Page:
M: Well, so many chefs just end up sort of mushing it, you need to be gentle and air it, a good action. Anna does it very well - you need to toss it and pick it, then you should place it by falling onto the plate and then you should leave it. The more you start fiddling around with it, then it goes wrong.
You need to patent method that, quick! What's the best thing to order in the restaurant?
M: I like when people order exactly the same thing. People say: “Oh I must have this...” but it’s actually all really nice when everyone has an artichoke or you all have lemon sole. Then the table looks really cool.
A: There are times when I might subconsciously make a menu that’s a little too more Italian, because of where I worked before, so sometimes it just happens without thinking.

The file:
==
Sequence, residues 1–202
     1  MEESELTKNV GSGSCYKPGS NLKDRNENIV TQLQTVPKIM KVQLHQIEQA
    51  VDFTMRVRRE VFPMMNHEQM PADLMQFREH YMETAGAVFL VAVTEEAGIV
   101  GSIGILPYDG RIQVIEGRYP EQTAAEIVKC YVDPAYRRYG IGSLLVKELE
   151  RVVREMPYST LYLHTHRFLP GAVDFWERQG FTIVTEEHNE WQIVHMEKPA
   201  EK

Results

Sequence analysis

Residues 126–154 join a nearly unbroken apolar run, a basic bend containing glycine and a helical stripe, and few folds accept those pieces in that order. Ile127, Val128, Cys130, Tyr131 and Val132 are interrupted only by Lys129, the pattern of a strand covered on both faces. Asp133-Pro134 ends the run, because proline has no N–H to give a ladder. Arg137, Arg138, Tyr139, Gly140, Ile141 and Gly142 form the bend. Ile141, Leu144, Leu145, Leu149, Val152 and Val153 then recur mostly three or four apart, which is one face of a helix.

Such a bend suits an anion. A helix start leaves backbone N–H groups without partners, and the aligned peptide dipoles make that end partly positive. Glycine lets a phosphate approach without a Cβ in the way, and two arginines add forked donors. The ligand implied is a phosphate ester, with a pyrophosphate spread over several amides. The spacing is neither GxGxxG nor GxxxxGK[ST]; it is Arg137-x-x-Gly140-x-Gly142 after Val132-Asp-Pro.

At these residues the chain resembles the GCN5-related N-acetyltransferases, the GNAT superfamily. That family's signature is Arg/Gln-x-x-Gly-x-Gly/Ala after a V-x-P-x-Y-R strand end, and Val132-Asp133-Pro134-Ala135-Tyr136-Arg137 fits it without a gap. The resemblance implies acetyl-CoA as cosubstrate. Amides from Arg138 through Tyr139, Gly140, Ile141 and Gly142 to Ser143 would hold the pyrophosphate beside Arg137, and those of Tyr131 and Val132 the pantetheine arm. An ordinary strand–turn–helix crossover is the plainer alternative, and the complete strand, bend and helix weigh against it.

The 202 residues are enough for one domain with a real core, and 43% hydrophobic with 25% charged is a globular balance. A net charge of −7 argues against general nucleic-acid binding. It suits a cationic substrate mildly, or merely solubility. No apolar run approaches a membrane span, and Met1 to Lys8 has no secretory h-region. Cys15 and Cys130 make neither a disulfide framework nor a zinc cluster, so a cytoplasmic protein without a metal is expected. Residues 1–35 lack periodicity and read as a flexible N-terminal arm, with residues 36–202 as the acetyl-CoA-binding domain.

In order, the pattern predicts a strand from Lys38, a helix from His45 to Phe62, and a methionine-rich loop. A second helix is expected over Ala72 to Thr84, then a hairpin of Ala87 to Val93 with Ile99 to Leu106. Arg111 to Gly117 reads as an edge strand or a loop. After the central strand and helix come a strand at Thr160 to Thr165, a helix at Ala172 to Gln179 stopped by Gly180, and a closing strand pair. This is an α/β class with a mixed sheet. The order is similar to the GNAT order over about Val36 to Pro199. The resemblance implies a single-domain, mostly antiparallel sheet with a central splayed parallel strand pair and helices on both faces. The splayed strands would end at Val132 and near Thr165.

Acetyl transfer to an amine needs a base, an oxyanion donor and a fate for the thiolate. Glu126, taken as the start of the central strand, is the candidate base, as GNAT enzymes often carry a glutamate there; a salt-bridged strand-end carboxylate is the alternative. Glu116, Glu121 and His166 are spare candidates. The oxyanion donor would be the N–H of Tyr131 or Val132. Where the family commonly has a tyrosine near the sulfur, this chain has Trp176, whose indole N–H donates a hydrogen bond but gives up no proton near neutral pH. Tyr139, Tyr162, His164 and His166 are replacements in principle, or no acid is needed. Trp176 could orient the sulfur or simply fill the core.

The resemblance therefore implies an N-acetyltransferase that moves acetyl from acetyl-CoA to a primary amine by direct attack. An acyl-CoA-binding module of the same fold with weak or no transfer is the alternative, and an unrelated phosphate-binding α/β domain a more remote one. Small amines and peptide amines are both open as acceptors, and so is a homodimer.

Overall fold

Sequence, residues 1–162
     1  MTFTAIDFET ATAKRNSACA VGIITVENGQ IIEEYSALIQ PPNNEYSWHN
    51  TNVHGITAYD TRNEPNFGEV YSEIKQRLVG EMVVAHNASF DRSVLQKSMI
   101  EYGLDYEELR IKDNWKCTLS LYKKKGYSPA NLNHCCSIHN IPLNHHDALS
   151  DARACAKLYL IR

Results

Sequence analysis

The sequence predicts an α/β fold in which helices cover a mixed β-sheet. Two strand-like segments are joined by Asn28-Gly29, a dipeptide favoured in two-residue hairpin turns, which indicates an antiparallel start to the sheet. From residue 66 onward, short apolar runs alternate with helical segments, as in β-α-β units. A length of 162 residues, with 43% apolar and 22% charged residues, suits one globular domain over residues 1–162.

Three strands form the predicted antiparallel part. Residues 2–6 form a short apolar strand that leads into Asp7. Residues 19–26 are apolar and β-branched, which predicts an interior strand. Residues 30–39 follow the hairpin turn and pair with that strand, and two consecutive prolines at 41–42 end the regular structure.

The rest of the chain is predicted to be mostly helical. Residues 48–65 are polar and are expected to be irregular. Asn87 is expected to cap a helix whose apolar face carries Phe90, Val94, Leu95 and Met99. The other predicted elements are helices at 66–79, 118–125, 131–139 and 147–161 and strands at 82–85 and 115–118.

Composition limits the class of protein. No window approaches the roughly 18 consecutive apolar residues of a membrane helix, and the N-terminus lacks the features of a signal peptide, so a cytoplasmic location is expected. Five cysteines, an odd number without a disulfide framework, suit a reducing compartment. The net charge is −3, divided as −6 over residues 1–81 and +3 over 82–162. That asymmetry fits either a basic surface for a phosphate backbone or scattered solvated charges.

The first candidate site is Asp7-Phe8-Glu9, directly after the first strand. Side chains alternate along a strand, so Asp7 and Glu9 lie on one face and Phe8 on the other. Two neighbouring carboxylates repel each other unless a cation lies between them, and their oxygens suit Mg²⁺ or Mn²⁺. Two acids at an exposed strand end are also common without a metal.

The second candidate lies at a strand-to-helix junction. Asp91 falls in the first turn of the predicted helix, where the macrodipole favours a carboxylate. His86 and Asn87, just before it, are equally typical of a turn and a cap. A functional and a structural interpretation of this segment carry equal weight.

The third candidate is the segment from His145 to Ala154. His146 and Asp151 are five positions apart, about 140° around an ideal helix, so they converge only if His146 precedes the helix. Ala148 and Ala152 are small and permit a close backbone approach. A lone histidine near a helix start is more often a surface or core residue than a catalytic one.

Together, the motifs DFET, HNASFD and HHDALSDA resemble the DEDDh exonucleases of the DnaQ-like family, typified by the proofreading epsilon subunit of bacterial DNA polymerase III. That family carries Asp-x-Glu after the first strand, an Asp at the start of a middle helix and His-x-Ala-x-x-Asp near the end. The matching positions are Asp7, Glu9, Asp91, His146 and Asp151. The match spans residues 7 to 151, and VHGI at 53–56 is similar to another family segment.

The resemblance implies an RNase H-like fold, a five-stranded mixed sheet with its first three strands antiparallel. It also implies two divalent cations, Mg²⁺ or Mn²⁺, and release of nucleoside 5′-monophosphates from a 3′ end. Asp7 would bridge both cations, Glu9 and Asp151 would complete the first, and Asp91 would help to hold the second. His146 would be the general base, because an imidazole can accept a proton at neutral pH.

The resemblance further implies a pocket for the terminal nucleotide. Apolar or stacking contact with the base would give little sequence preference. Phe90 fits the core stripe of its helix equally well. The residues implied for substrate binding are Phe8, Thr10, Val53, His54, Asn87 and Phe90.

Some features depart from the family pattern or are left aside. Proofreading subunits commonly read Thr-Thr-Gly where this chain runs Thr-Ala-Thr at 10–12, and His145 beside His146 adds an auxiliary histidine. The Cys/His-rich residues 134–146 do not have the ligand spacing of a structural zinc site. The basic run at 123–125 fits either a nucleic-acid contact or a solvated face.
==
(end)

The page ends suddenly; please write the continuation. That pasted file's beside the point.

Sort of like Italian autopilot.
M: But sometimes it’s worked, as she’s brought peppers on to the menu. I never allowed peppers on the menu before, but Anna cooks them so beautifully. We don’t grill them and peel them and slice them. A pepper is good, it’s a great thing, but there have been times like in the '90s when coriander and red peppers were everywhere, it was like “oh my God!”. But it’s about using ingredients properly.
This might be an obvious question, but why does Rochelle Canteen only serve lunch?
M: Well, it’s an easy answer. We’re not allowed. Or the weekend either. It focuses you! We would eventually like to move to somewhere where we could serve dinner - you never know what might happen.
It's cool that with Margot and Melanie running Arnold & Henderson and Anna being head chef, that you're all female. Was it planned that way?